To make any niche hobby mainstream, a healthy sprinkling of innuendo never goes amiss and I am tickled by the map’s suggestion for Brockwell Park’s oak: “Get up close to appreciate its vast girth.” Some of the other facts it reveals on my tour ignite a more childlike curiosity in me. For example, Berkeley Square’s London Planes, which I’ve walked past countless times before, are valued at up to £750,000 each by London’s Tree Officers. I find myself trying to imagine how the Great Tree Robbers would attempt to make a getaway with one’s gargantuan trunk. Also, how do you become a Tree Officer? I can’t say I remember that option from careers day.
At a time when the closest any of us are going to be getting to palm trees any time soon is in the form of a desktop screensaver, I particularly appreciated the exotic elements of the tour. The tropical traffic feature that is the Canary palm, in the middle of Millbank’s Lambeth Bridge roundabout, provided some welcome winter warmth. The avenue of Yoshino Cherry Trees on Winterbrook Road makes Herne Hill feel like a commuter Kyoto, their ruffled orange foliage arching imperially over the suburban street. I’m already plotting a spring return to see them in all their blossomed glory in late March.
Forget trainspotting, this is treespotting, a travel pursuit that’s seen me swap aeroplanes for London Planes
My journey comes to an end at New Cross Gate station, there to see the giant redwood that towers over Platform 1 to such an extent it renders it part of a model railway. My last experience of a giant redwood had been a drive-through tree in California and this is one you can catch a train past. Its monumental proportions seem to make it a particularly transportive tree. Admiring it from the platform, there’s something in its planted presence that does briefly make time stop, even with the station clocks all around me. What I’d realised throughout the day is that trees don’t just enable us to see the city differently, they allow us to see more broadly. And if there’s ever been a time to value being able to vary our vision, it’s now, when we all feel increasingly blinkered. Even when we can’t go further afield than the urban forest, we can still travel through trees’ transcendence. And I’m thankful to have been shown this wooden way.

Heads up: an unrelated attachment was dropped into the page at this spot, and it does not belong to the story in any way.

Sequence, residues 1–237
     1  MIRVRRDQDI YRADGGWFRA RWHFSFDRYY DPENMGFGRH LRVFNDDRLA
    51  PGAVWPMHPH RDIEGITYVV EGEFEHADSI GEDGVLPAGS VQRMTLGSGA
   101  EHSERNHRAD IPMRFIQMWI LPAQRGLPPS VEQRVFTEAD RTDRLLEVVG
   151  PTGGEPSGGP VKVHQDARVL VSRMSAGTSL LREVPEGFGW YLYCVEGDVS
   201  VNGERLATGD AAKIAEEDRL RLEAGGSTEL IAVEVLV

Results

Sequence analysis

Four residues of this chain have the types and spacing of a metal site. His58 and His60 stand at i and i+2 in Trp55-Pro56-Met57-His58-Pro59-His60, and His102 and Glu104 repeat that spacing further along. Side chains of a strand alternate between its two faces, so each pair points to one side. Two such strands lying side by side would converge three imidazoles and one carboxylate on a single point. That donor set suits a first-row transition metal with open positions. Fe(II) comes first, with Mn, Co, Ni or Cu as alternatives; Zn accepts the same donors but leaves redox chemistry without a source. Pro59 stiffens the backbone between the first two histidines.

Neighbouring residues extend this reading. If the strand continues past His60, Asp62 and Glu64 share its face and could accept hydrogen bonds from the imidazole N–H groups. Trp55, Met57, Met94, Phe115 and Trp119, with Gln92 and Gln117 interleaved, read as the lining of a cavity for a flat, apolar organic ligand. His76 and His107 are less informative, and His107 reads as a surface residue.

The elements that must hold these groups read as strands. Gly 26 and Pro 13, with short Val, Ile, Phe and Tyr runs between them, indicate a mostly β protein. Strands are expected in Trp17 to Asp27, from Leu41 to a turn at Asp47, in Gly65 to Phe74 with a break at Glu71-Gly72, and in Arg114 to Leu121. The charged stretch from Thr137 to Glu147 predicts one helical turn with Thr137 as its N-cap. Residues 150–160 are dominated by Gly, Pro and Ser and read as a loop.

London’s oldest Plane Tree, “Barney” in Barn Elms Playing Field, is thought to have been planted around 1680. It wasn’t until the late 19th century that the Plane’s popularity took off and it became known as the “London Plane”.
The riverside Plane in Twickenham is one of the tallest in the country, standing at over 40 metres high.
The oldest tree in Richmond Park, The Royal Oak, has been dated at around 750 years old.
London’s Urban Heat Island’s higher temperatures means that tree species that couldn’t survive in other parts of the country thrive in the city.
Tree planting follows fashions, with tree trends tending to go in cycles of 10 or 20 years.
Every year, an awards ceremony known as “The Tree Oscars” is hosted at City Hall to give out The London Tree and Woodland Awards.
Paul Wood is the author of the Great Trees of London Map and the recently released London Tree Walks, which can both be purchased here.
London’s secret gardens, hidden in the heart of the City